Mentions: With light microscopical methods after monochloro- or monobromobimane staining glutathione could be detected in nuclei and the cytosol (Fricker et al., 2000; Meyer and Fricker, 2000; Meyer et al., 2001; Müller et al., 2005). Nevertheless, light microscopical investigations which allow investigations of the in vivo situation are limited by the resolution of the light microscope (about 200 nm), by the ability of the antibodies/dyes to infiltrate the different organelles (Müller et al., 2005) and by their specificity to bind with the respective component. Monochlorobimanes, for example, bind to all thiols (not only to the reduced form of glutathione) in cells and do not infiltrate chloroplasts (Hartmann et al., 2003; Müller et al., 2005; Figures 3A,B). Additionally, monochloro- and monobromobimane are toxic to the plant and are transported into the vacuole after complexation with reduced glutathione (Fricker et al., 2000; Meyer and Fricker, 2002). This process can be inhibited by using chemicals that inhibit the transport of glutathione conjugates through the tonoplast such as sodium azide (Fricker et al., 2000). The use of redox sensitive GFP in plants has been proven to overcome some of these problems and has allowed investigations of the glutathione redox potential in vivo even in very small cell compartments with fluorescence microscopy (Meyer et al., 2007; Gutscher et al., 2008). As the signal can be targeted specifically to different cell compartments the situation can be even studied in small cell compartments such as the endoplasmic reticulum (ER) which cannot be resolved with the light microscope otherwise (Meyer et al., 2007). Additionally, this method is able to differentiate between the reduced and oxidized form of glutathione and has been used to detect changes in glutathione contents in the cytosol during environmental stress situations (Jubany-Marí et al., 2010; Lim et al., 2014). Nevertheless, in vivo investigations with confocallaser scanning or fluorescence microscopes face the problems that only very thin cell layers, tissues, or organs can be investigated and that the sample preparation (e.g., mechanical separation of the epidermis, or other tissues and cells) and investigations with the microscope (exposure to a strong light source, high temperature, lack of oxygen, water stress) can also be seen as a stress source to the sample. Single culture cells are a good alternative but similar to the above-described situation it remains unclear how the situation in single cells, cell types or tissues (e.g., epidermis) correlates with the situation in whole leaves or other tissues. Therefore the labeling results have to be carefully evaluated and the situation in single cells or tissues (e.g., epidermis) cannot always be transferred to the situation in deeper cell layers (e.g., mesophyll, vascular tissue) or the whole plant. Additionally, it was not possible so far with the above-mentioned methods to measure glutathione levels in all cell compartments simultaneously in one experiment.


Compartment-specific importance of glutathione during abiotic and biotic stress.

Zechmann B - Front Plant Sci (2014)

Images show the typical distribution of glutathione. (A) Monochlorobimane staining in guard cells of the upper epidermis of tobacco cells in the light microscope. Fluorescence was observed in cytosol and nuclei (N) but not in vacuoles (V) and cell walls (arrowhead). Additionally, no fluorescence could be observed in chloroplasts (arrows in A and B) which can be best identified when comparing the autofluorescence of chloroplast (B) with monochlorobimane staining (A). Transmission electron micrographs show the subcellular distribution of glutathione (C,D) in mesophyll cells of leaves from Arabidopsis Col-0 plants. Glutathione-specific labeling could be observed in different concentrations in mitochondria (M), chloroplasts (C), peroxisomes (Px) but not in vacuoles (V) and cell walls (CW). Glutathione-specific labeling was observed in the stroma as well as inside the thylakoid lumen (arrowheads) when plants were exposed to high light intensities of 700 µmol m-2 s-1. Bars in (A,B) = 10 µm, (C,D) = 0.5 µm.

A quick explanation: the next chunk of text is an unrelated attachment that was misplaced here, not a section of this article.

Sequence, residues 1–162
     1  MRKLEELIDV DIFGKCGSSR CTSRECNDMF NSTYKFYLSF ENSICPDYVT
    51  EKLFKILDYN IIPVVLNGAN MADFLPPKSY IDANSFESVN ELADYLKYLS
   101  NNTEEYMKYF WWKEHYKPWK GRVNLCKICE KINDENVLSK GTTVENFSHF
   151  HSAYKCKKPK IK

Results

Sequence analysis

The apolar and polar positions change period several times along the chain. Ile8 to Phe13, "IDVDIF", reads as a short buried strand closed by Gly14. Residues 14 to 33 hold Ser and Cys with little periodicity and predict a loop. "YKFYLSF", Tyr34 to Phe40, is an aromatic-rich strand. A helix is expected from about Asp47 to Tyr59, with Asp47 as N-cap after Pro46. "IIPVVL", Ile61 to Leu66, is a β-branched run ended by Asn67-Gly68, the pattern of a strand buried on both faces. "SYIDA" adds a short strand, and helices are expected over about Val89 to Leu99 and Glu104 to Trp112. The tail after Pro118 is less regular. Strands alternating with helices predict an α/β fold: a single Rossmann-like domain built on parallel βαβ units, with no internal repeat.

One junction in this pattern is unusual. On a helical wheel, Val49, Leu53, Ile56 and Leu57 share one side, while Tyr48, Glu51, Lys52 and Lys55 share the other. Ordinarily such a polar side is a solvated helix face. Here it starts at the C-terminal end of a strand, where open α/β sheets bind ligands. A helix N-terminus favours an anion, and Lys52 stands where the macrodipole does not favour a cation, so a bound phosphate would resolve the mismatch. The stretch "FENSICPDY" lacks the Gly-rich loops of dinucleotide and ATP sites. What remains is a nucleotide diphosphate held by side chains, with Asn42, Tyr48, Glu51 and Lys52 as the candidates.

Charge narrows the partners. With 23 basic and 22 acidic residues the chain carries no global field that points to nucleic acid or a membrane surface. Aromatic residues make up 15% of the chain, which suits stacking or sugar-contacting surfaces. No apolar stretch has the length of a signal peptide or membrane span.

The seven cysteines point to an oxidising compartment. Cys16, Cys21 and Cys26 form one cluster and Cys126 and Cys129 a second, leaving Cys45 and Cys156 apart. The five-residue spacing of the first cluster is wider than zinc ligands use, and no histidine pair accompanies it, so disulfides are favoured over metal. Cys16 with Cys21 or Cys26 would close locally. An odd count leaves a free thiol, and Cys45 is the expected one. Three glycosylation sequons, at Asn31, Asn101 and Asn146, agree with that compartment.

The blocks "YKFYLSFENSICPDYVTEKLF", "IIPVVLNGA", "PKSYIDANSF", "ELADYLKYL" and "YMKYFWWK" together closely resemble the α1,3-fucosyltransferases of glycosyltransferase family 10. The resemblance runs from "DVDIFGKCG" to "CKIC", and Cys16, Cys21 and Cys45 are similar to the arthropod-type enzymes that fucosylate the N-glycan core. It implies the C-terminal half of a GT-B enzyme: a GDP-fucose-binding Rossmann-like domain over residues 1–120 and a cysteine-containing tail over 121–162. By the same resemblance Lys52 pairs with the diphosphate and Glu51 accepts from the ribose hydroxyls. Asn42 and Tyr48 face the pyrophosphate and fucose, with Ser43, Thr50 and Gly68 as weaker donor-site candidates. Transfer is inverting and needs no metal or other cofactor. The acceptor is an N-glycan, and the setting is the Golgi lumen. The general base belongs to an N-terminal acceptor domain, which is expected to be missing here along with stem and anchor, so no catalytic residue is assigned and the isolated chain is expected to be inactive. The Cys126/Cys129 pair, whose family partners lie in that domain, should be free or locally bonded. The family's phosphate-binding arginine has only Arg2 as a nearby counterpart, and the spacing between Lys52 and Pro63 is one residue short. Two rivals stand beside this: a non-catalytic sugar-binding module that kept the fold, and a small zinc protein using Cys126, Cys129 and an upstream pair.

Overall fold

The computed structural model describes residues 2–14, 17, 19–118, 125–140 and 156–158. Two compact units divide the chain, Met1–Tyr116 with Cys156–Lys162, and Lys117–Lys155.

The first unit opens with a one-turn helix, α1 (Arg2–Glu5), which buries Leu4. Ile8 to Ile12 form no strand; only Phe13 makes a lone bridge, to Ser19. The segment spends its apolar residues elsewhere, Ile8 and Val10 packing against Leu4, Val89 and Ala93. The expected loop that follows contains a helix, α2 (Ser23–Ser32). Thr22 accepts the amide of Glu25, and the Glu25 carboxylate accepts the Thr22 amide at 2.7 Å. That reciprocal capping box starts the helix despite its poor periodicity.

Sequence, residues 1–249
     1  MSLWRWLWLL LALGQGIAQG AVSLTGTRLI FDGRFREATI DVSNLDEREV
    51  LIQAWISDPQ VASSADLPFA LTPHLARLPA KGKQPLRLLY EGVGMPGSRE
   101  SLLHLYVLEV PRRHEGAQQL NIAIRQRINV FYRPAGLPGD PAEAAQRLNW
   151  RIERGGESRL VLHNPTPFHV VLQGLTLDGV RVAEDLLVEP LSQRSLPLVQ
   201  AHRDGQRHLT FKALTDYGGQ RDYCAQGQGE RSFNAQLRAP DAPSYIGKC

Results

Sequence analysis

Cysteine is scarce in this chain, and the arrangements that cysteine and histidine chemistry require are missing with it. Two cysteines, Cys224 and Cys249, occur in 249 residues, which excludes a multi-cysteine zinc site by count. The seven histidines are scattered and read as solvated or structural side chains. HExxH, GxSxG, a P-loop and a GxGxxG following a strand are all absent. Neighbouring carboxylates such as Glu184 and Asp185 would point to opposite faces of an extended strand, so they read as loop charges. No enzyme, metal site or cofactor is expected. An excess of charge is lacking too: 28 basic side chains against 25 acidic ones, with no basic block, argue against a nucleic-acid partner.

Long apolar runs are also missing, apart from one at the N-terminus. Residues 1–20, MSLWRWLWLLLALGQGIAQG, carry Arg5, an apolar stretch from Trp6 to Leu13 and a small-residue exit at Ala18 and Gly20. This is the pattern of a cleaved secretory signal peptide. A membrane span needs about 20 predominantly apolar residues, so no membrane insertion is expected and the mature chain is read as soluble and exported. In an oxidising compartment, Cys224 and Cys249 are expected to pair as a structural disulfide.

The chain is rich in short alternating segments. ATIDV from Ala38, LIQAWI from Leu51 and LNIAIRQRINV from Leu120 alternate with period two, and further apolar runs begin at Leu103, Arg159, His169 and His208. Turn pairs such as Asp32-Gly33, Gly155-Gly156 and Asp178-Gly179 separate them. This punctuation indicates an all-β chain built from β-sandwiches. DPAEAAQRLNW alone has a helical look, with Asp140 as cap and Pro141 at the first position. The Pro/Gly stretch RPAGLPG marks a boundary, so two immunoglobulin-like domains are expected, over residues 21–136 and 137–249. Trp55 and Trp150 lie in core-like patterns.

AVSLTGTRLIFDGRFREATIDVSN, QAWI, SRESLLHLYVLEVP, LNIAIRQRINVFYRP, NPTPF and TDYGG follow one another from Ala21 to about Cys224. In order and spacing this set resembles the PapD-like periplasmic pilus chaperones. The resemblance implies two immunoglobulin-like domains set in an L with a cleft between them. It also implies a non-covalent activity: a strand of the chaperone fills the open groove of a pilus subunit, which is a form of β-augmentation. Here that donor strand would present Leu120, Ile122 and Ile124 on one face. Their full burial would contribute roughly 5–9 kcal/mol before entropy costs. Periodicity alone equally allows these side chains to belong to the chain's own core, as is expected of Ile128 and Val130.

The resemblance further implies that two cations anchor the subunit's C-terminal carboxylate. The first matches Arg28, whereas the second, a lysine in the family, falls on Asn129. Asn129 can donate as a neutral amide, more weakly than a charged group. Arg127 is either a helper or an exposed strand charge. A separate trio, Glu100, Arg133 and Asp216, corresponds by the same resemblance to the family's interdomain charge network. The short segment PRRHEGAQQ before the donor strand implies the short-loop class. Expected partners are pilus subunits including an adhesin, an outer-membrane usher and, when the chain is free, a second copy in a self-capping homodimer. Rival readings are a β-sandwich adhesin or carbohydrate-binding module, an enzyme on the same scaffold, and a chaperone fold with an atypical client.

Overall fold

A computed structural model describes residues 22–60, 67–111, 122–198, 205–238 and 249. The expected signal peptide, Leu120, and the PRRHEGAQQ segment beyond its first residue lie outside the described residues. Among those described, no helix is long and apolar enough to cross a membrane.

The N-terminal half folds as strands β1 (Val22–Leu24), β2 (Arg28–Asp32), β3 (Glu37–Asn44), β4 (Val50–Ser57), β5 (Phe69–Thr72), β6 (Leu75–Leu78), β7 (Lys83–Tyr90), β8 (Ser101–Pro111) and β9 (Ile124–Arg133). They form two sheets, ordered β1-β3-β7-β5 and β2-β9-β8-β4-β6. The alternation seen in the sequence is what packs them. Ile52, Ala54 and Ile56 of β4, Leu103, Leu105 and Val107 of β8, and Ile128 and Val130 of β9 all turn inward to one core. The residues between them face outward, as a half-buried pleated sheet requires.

© Copyright Policy - open-access
Related In: Results  -  Collection

License
Show All Figures
getmorefigures.php?uid=PMC4202713&req=5

Figure 3: Images show the typical distribution of glutathione. (A) Monochlorobimane staining in guard cells of the upper epidermis of tobacco cells in the light microscope. Fluorescence was observed in cytosol and nuclei (N) but not in vacuoles (V) and cell walls (arrowhead). Additionally, no fluorescence could be observed in chloroplasts (arrows in A and B) which can be best identified when comparing the autofluorescence of chloroplast (B) with monochlorobimane staining (A). Transmission electron micrographs show the subcellular distribution of glutathione (C,D) in mesophyll cells of leaves from Arabidopsis Col-0 plants. Glutathione-specific labeling could be observed in different concentrations in mitochondria (M), chloroplasts (C), peroxisomes (Px) but not in vacuoles (V) and cell walls (CW). Glutathione-specific labeling was observed in the stroma as well as inside the thylakoid lumen (arrowheads) when plants were exposed to high light intensities of 700 µmol m-2 s-1. Bars in (A,B) = 10 µm, (C,D) = 0.5 µm.